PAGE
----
be married after a certain age. The parents are despised if their daughter is not married. ‘There must
have been something wrong with the family, they couldn’t find a groom for this girl: they must have
sinned.’ It is a crime, a form of curse (Psalm 78:63). The girls begin thinking of marriage from 14 years
on. Nobody will marry her if she is over 30—the oldest acceptable marriageable age. She is considered
cursed, if not married by then.
Then the father took her to the temple. She had her head shaved at the entrance to the temple. She
took off all of her clothes and jewelry (as a princess in this case) and puts on a long white robe which
covers her head, and she began to serve God from there on. If at any time such a woman should want to
marry and live in the world (change her mind), this is not allowable by the father. The father must give
the consent in the East for his daughter’s marriage, regardless of her age (see I Corinthians 7:36). As
Jephthah gave her as a living sacrifice, she served God, as well as suffered terrific humiliation and shame.
Verse 40: When the women go to visit her in the temple, they would say, ‘How wonderful you are,
we wish we were like you! You don’t have the sins or pleasures of the world to bother you. You, by
choice, are separated from the things of this world. God must be loving and honoring you for the
sacrifice you have made and the humiliation you go through.’ Thereby, they comfort her by praising her
for the decision she made.
Verses 30-40 Rent his clothes, burnt sacrifice, two months, marriage, suffer it.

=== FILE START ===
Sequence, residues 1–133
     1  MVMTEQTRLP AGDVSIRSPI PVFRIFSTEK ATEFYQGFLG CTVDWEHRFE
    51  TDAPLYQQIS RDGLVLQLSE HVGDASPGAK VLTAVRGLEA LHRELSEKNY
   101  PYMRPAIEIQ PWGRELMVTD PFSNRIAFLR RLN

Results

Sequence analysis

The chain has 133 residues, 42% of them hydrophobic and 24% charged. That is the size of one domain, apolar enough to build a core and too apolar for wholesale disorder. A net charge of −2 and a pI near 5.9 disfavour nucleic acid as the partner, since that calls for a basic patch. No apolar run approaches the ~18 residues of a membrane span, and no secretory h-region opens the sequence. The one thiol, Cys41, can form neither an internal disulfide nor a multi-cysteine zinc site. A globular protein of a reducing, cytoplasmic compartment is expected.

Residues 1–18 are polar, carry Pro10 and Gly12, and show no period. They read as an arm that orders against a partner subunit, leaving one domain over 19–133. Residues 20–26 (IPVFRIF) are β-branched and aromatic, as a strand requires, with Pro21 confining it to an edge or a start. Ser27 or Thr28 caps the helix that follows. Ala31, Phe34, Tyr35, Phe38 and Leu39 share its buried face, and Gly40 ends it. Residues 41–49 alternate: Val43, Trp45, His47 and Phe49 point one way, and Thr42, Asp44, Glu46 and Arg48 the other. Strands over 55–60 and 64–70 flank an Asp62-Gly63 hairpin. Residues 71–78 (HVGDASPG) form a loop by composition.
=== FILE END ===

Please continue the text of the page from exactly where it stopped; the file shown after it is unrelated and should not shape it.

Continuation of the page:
There had been a war between the Israelites and Ammonites at one time. The leader of the Israelites,
Jephthah, went, to God in the beginning of that war and vowed a vow to the Lord, (stated in verse 30). If
God would give him a victory, he vowed to offer as a burnt sacrifice anybody who came out of his home
to greet him. His daughter, only child, came outside. He ‘rent’ his clothes. They only rent one piece of
clothing; the mantle.
A mantle is a piece of cloth 4-5′ long, with any color desired. It is folded in quarters and hung
around the neck. The ends fall all the way down to the knees. The significance of a mantle is protection.
If a mantle is thrown on a person, that person has been called to or for the ministry. This person is called
and protected. Ruth went to Boaz and said, ‘spread thy skirt upon thy handmaiden.’ (Ruth 3:9). It
should be ‘mantle.’ This spreading is a call and a protection. Elijah threw his mantle on Elisha; Elisha
immediately left his plowing and followed Elijah. He was called to the ministry. I Kings 19:19. When a
Hindu child is 12, the priest throws a mantle on a child. That child is called to the Hindu ministry to
preach. If a man hears any bad news, he grabs his mantle, tears it in two pieces, and throws it away.
Renting his mantle is the ‘authority’ for the preaching of the gospel of God in the church of God.
(Lutheran’s call it a ‘stole.’) God says to rent our hearts—not our garments. They were rending their
mantle. Because it is possible to outwardly rent a mantle and then not be changed in the heart. Outwardly
sorrow and anger show, but inwardly, the same man is there. God wants a contrite and broken heart, not
an outward sign of mending something.
When Jephthah saw his daughter, he rent his mantle because of the promise he had made to God
concerning the burnt sacrifice. He had no other children and felt sorry. The girl understood immediately.
This does not mean she would be killed and used in the temple, because human sacrifice has always been
forbidden. He gave her as a living sacrifice to serve God for the rest of her life. He gave her to the
temple to serve there. This is a burnt offering… suffering humiliation, disgrace, insult to serve in the